So what did we learn from the third night of the 2014 Dubai World Cup Carnival?
As was echoed during the Dubai Racing Channel broadcast, while they may have been celebrating the Chinese New Year at Meydan, the horse connections lounge was partying like it was St. Patrick’s Day after the first two races. David Marnane remains a great example of Carnival consistency, with horses from his yard earning a win in every season at Meydan. Jamesie was a consistent bridesmaid on the all-weather, but as you read in the Dubai Racing Comprehensive, Marnane believed Jamesie (below) might be the best suited for the Carnival conditions. More in a moment on this race.
Credit Shane Foley for patience as he brought Certerach (below) home a winner in the second event. Trainer Mick Halford was 1-from-52 with fifteen placings (Invincible Ash being the lone tally) while Foley was 0-from-54 in the UAE. But Certerach, just 1 ¼ lengths away from being a three-time winner at last year’s Carnival, finally got the splits for a nice win. The big watcher out of this race is Restraint of Trade, who had some faulty equipment yielding a host of issues in running. Under the slightest of urging from Mickael Barzalona, Restraint of Trade advanced through the stragglers like a hot knife through butter and brought the harrowing ride to a conclusion in tenth. The Irish one-two to open the night was welcome for International Stables runners, limited to just one success from the first two nights.
Back to the first race – everything changed when Alraihjan failed to jump on terms with the rest of the field, prompting this correspondent to mutter with despondence. He ran on well enough to make us believe he can absolutely get over the surface, covering a load of extra ground. I don’t think many expected Merhee to make the running, but his first-up run was quite credible. Masamah might be the one out of this race off a wide trip.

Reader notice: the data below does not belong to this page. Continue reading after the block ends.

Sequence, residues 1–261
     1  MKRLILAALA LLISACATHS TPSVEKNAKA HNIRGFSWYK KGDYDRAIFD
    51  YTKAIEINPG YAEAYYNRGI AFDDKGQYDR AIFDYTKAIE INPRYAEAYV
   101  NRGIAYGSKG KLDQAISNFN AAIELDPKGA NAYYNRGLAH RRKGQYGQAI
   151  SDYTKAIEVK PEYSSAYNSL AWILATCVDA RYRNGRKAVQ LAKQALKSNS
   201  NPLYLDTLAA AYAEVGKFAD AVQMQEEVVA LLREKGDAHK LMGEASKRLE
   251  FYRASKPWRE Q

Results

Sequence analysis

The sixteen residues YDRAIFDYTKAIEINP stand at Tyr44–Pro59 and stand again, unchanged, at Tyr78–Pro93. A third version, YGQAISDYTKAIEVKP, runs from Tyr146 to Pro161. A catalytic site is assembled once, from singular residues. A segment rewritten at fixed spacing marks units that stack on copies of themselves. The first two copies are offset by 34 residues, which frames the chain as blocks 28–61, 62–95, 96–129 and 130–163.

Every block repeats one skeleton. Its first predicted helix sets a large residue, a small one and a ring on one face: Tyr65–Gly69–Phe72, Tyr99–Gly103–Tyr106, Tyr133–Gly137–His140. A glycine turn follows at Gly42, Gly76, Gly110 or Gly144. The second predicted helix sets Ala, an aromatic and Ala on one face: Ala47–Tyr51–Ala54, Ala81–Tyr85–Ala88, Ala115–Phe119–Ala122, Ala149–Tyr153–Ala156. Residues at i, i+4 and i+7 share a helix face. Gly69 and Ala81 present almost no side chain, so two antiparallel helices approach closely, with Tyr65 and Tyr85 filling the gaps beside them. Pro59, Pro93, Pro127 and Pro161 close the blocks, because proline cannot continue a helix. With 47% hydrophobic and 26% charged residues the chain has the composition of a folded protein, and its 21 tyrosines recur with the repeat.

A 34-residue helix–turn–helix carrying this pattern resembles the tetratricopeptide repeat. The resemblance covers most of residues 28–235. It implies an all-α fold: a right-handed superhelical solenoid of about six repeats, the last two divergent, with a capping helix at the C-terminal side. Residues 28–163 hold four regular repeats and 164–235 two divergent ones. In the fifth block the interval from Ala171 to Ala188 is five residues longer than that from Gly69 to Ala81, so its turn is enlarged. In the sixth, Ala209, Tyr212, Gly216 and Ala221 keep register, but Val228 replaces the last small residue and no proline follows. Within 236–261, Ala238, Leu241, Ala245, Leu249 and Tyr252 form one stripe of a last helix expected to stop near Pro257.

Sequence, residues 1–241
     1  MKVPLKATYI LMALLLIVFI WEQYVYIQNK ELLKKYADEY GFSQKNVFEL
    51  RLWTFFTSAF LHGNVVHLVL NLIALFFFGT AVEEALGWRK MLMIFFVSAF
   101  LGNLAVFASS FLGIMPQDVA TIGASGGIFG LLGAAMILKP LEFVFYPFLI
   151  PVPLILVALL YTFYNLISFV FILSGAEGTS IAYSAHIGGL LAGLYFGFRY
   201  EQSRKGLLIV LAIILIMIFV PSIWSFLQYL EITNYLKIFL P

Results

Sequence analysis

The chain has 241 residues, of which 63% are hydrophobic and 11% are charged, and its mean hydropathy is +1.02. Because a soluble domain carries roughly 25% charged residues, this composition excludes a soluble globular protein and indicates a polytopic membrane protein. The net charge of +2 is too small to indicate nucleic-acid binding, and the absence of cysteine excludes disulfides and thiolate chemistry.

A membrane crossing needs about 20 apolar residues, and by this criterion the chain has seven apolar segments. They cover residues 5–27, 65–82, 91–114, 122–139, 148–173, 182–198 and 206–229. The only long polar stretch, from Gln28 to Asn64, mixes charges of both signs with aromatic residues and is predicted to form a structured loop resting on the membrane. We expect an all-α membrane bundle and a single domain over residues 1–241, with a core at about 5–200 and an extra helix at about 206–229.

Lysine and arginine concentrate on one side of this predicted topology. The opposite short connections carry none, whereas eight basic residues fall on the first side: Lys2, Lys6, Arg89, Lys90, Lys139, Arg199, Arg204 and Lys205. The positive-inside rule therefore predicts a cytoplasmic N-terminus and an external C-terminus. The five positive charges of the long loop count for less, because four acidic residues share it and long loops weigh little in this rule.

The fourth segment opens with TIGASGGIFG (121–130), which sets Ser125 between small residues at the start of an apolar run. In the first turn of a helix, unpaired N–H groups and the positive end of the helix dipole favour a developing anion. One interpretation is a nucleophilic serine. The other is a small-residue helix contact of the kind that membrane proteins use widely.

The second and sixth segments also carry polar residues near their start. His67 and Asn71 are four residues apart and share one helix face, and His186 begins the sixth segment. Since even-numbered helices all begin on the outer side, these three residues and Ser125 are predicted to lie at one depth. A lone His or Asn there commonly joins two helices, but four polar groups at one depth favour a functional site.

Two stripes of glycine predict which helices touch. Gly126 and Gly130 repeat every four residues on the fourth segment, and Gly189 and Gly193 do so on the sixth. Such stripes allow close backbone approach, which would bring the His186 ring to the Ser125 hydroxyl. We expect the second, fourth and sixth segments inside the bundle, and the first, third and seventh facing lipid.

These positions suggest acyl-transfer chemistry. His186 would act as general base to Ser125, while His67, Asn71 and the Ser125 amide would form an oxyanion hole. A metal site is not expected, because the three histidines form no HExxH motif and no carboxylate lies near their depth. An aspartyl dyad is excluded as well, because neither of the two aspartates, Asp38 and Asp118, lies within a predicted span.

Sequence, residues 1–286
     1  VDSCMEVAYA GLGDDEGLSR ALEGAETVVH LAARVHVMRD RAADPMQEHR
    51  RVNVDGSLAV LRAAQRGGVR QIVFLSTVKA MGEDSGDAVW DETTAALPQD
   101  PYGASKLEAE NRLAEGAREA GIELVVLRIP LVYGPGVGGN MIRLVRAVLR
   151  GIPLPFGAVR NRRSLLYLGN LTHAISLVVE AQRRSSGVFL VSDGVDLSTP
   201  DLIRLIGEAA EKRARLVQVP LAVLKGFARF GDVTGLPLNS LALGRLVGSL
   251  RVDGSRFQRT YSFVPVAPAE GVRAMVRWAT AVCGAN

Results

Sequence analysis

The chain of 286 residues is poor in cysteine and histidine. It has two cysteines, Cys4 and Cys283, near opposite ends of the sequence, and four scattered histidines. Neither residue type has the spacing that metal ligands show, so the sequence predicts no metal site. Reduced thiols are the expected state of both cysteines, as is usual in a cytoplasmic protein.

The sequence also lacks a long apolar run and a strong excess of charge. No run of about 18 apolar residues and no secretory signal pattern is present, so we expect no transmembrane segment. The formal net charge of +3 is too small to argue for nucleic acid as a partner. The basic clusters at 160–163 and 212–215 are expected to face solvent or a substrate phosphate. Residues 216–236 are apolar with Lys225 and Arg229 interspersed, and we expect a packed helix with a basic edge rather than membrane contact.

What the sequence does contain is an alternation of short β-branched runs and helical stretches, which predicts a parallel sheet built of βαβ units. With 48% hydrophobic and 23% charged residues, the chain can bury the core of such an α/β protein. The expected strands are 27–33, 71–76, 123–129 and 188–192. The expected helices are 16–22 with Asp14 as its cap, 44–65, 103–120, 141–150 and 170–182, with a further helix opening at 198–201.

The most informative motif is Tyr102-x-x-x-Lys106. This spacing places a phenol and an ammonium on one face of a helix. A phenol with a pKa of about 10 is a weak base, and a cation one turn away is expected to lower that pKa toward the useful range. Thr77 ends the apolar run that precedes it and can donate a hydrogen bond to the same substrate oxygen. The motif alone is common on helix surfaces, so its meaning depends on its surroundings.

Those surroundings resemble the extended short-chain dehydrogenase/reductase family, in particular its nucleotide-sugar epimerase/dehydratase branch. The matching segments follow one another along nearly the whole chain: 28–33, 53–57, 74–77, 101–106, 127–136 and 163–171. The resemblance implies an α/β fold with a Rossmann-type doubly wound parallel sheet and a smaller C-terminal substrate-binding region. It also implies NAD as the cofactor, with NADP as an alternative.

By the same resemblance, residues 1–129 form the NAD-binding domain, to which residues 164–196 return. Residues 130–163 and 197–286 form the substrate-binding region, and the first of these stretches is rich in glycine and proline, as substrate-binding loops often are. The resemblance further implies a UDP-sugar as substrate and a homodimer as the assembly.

The reduced trip of this year’s Al Fahidi Fort (G2) was ideal for Anaerobio (below), and a curse for Frankie Dettori, who was likely staring down a win on Mshawish if the race was run over it’s old 1,600-metre distance. The first three home were plum to the rail almost the entire trip and it was indeed the quickest way around. Iguazu Falls ran on well with extra-ground a culprit for him, as was Kavanagh’s fifth. One shouldn’t get too concerned with Heavy Metal’s tenth placing as the race was surely just a leg-stretcher for bigger prizes down the way. On paper, the 13th placing for Gale Force Ten was a bit discouraging.
We posited that Anaerobio’s performances have been somewhat revelational, only to be reminded of his Grade 1 wins on dirt and turf in his native Argentina. Those were, however, a long time ago, and his handicap ways in the UAE since didn’t lead you to easily figure he’d be sent postward the commingled tote favourite in a $250,000 Group 2 – but he did. Mike de Kock is now tied with Charlie Appleby with four wins each at the Carnival. Saeed bin Suroor is second with three.
How do you interpret the fourth race result? Plantagenet went much too soon. Layali Al Andalus had a reverse trip from his wide ways in that opening Carnival encounter, but proved he was competitive again with the run. Mutajare showed his versatility. Meanwhile, Windhoek (below) traveled wide and without cover for most of the journey, at least on the turns, and fought on with tremendous resolve (but again, only to beat Layali Al Andalus and Mutajare). Was Windhoek the 6-7 lengths better than those two as his ground coverage statistics indicate? Tough call.
Alexandra Palace (below, far left), destined for Singapore after the 2014 Carnival, showed the layoff was no problem, serving as the first of the South Africa quarantined runners to win first-up. Last year, two runners managed the feat (The Apache, Soft Falling Rain). It was devastating as our pick, Disa Leader, ran a bang-up race and lost third by a slim nose. Still, he was gallant and his Mauritian connections on hand were encouraged. Capital Attraction ran a blinder to hang in for third after being in such a prominent early position with a fast pace. Needless to say, Alexandra Palace was 15th after the first 400 meters, for which the leader clocked just 0.01 seconds off the fastest split in the history of Meydan at the distance.
Next week, the Al Rashidiya (G2) and Cape Verdi (G2) take the leading lights.